My favorite viewpoint by far was the one overlooking the Praia da Bordeira beach. This gorgeous beach is a paradise for surfers and features strong waves and a giant stretch of sand. Make sure to take a stroll across the massive golden dunes – you’ll feel like you’re in the middle of a desert!
Ponta da Piedade
Ponta da Piedade is another spectacular headland boasting fantastic rock formations, sea stacks and arches sculpted by wind and waves over thousands of years. It is located just outside Lagos, at the eastern end of the Rota Vicentina trail.
It’s a true marvel of nature with stunning views everywhere you look. Out of all the places we visited in the Algarve, Ponta da Piedade might just be the most beautiful one and should be a part of every Algarve itinerary.
While here, don’t miss visiting the picturesque cove at the base of Ponta da Piedade, which can be accessed via a set of stairs. As the water in the cove is usually calm you can take a boat or a kayak tour to get a closer look at all the arches and grottoes. On a windy winter day, however, you can witness an amazing show of waves mercilessly pounding the cliffs.
Rota Vicentina: The Historical Way
A fun way to get to know the history of southern Portugal is to hike the Historical Way of Rota Vicentina. Starting in Santiago do Cacém Church and ending at Cape St. Vincent, the 260-km (162-mile) trail follows the paths once used by pilgrims, locals and travelers on their journeys across the region.
It’s a rural trail that extends through mountain ranges, valleys, tranquil cork tree forests and authentic villages. From Arab-era castles and coastal defense buildings to archeological sites, there are plenty of historical attractions to discover along the way.
Since The Historical Way crosses a lesser-known side of the region, it receives fewer hikers and is a great choice for those looking for some peace and solitude.
I didn’t get a chance to hike the Historical Way but I would love to do it in the future.
For more information on the Fishermen’s Trail and the Historical Way, such as the degree of difficulty, different rules and accommodation options near the trail, have a look at the official site of Rota Vicentina.
Unlike the other Algarve hikes in this post, the Via Algarviana trail takes you away from the coast and crosses the hilly and often overlooked interior of the region. It extends from Cape St. Vincent all the way to Alcoutim near the Spanish border and has a total distance of about 300 km (186 miles).
Passing through traditional villages, pastures and peaceful forests, the trail showcases the scenic countryside of the Algarve. You’ll see olive, almond and citrus orchards and come across a variety of aromatic plants such as eucalyptus, lavender and rosemary. If you hike Via Algarviana in spring, you’ll see fields of wildflowers in bloom.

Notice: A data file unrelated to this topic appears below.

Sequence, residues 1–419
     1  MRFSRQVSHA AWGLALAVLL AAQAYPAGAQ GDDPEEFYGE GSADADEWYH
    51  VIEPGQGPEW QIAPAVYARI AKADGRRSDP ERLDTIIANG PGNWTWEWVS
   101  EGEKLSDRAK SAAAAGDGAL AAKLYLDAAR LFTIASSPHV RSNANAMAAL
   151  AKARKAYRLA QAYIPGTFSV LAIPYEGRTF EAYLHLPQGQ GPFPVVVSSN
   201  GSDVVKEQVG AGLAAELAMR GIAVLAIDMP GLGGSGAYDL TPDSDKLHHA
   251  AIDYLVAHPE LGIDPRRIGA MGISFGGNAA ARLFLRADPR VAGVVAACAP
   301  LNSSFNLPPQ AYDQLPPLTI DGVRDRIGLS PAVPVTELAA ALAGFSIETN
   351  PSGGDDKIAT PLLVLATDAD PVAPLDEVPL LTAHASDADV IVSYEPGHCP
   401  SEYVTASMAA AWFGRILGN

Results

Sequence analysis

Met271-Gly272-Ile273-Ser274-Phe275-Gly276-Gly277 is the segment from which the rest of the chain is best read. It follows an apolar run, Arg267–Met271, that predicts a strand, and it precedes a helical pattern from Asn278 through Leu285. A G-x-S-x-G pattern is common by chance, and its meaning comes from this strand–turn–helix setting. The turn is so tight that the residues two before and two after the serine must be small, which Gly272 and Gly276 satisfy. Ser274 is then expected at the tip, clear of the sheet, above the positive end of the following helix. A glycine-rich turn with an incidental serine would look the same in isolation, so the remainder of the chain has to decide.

Like with Rota Vicentina, you don’t need to hike the entire Via Algarviana to enjoy the fresh mountain air and the pristine nature as you can choose to walk just parts of the trail. We hiked a short section of Via Algarviana in the Monchique mountains.
Hiking in Monchique
Via Algarviana passes through the lovely mountain town Monchique, which is an ideal place to base yourself if you just want to hike a part of the Via Algarviana trail. With charming narrow streets, traditional whitewashed houses and hot springs, the town is definitely worth a visit on its own.
The short hike that we did in Monchique started at Fóia viewpoint, which is the highest point of the Algarve at 902 meters (2,960 ft). On a clear day, you should be able to see the Algarve coastline and the ocean from here.
The route will take you east towards the town of Monchique. Passing through eucalyptus groves and a fairytale-like cork oak forest, the vegetation along the trail is beautiful and very different from the one found on the coast. You will also pass by the abandoned Nossa Senhora do Desterro Convent, the most famous landmark of Monchique.
For more practical information on hiking this trail, visit the official website of Via Algarviana.
Algarve hikes: Final thoughts
I hope that this post gave you some inspiration for exploring the incredible landscapes and the unspoiled nature of the Algarve. Do you know of any other beautiful Algarve hikes that should be added to this list? Let me know in the comments!
Make sure to also check out my 5-day Algarve road trip itinerary, which covers the most beautiful spots in the region and gives you the perfect balance of hiking, relaxing on beaches and exploring cute towns. And if you’re considering visiting the Algarve in the low season (which you should!), you can read about our experience in my post about visiting the Algarve in winter.
For more photos and videos of our Algarve trip, check out my Instagram account. Look for the stories highlight called ‘Algarve’.
You might also be interested in my other blog posts about Portugal:
This post was made in collaboration with Algarve Tourism Bureau but as always, all opinions are my own.
Enjoyed reading about the best hikes in the Algarve? Pin it!